Last week, Nature dedicated an technology editorial to new advances in tissue engineering, more specifically the “organs-grown-in-a-lab” sub-field. Titled Tissue engineering: Organs from the lab, the article proclaimed, “Engineered tissues are starting to allow incisive experiments and even replacement therapies,” before concluding that new discoveries and advancements in tissue engineering not only offer a “better understanding of the basis of disease” but also a real potential to “cure those diseases.”
This comes on the heels of some remarkable new developments. MIT associate professor of mechanical engineering Xuanhe Zhao and colleagues at MIT, Duke University, and Columbia University described, in the journal Advanced Materials, the development of new hydrogels that are not only tough, but soft and “stretchable,” which can be assembled with approaches that do not require harsh chemicals. Not only that, but the hydrogels can be assembled into a variety of 3D structures by 3D printing, which opens up possibilities of their use as cell delivery carriers as well as scaffolds for expansion of stem cells. Indeed, the new materials are benign enough to synthesize together with living cells, such as stem cells. The authors are currently focused on improving the resolution of the printer, which is currently limited to details about 500 micrometers in size.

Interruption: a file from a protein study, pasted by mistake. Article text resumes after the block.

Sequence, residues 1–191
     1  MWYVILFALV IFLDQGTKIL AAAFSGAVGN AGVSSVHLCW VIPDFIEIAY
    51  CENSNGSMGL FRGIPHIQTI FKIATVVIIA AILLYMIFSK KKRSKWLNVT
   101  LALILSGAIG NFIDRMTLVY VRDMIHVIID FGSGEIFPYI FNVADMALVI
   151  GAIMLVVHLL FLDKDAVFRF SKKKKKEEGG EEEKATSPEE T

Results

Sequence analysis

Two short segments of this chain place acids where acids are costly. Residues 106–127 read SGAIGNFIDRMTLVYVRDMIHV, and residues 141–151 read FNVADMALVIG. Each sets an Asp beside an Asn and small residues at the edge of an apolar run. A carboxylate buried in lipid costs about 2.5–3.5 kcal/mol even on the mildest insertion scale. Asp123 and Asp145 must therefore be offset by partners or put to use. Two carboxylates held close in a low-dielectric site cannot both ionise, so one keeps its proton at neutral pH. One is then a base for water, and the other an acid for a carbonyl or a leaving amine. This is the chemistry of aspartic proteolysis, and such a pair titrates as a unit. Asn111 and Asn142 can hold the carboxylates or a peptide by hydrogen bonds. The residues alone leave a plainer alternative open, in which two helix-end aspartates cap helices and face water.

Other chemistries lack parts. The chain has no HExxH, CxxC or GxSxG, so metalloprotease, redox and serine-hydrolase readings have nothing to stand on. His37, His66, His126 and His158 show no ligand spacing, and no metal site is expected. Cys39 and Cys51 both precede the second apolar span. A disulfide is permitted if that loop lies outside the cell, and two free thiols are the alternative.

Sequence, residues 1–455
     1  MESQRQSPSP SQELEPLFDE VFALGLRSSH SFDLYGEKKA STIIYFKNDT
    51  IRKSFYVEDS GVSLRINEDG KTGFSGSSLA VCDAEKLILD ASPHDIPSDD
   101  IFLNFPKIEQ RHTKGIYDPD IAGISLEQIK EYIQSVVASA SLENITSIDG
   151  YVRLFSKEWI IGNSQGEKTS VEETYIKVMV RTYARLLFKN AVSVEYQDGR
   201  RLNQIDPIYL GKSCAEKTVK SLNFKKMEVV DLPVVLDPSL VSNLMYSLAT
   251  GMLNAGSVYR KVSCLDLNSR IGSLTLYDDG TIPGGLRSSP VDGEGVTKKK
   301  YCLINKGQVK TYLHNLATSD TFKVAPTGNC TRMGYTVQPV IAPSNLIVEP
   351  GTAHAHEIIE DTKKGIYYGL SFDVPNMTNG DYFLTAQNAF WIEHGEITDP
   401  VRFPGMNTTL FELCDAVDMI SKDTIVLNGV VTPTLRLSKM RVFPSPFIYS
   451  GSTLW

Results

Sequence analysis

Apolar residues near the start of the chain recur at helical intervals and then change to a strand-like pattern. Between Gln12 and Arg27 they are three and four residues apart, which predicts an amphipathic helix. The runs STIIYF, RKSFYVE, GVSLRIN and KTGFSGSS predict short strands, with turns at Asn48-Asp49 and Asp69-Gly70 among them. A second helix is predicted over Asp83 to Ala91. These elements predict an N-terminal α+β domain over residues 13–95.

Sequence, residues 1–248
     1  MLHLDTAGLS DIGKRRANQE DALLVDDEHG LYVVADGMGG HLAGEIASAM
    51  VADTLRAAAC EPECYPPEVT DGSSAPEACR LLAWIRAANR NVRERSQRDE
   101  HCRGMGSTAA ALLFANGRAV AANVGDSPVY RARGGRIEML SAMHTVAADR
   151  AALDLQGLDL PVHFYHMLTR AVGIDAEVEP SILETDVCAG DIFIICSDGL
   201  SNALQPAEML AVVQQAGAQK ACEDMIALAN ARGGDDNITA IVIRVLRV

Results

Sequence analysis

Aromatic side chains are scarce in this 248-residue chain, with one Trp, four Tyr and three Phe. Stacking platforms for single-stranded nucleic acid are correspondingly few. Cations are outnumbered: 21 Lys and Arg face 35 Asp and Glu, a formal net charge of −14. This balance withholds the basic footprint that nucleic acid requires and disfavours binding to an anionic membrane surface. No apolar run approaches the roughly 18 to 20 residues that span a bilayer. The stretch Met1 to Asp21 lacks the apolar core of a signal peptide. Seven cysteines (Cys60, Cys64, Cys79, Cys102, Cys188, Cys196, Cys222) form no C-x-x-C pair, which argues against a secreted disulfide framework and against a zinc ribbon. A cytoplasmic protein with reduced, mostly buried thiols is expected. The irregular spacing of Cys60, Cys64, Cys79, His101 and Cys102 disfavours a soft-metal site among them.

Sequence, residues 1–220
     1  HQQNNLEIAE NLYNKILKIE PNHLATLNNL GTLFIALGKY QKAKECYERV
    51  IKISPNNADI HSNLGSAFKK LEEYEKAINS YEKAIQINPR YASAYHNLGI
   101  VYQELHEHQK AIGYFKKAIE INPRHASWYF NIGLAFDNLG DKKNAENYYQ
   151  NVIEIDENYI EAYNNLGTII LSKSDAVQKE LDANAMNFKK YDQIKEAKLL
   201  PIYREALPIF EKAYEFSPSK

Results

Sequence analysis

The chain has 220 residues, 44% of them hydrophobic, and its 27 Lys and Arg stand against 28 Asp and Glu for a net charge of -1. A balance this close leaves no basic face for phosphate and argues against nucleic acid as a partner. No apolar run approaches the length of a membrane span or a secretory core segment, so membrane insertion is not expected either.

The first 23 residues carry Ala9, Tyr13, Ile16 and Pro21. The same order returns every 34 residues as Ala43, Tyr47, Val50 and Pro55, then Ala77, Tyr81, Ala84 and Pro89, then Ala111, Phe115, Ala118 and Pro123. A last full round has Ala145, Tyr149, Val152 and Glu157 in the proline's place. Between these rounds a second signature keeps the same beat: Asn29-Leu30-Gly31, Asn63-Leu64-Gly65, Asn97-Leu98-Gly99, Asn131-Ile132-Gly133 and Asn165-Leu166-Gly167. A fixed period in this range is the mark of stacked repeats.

This comes in addition to a new paper, published in Nature Materials, from Dr. Dino di Carlo’s lab at UCLA, which describes a new injectable polymer gel for the rapid treatment of wounds.
The gel uses a cluster of microscopic synthetic polymer spheres, which produces MAP (microporous annealed particles) gel, which fills the wound and facilitates the growth of new tissue. Eventually the body degrades the spheres, leaving just the newly grown tissue. Cells are encouraged to migrate into the microporous gel and proliferate, and in doing so, encourage the assembly of new tissue.
New biomaterials will be they key to achieving biocompatible and effective tissue replacement and regeneration, and advances such as these are at the forefront of systems development toward effective biomedical therapies in regenerative medicine.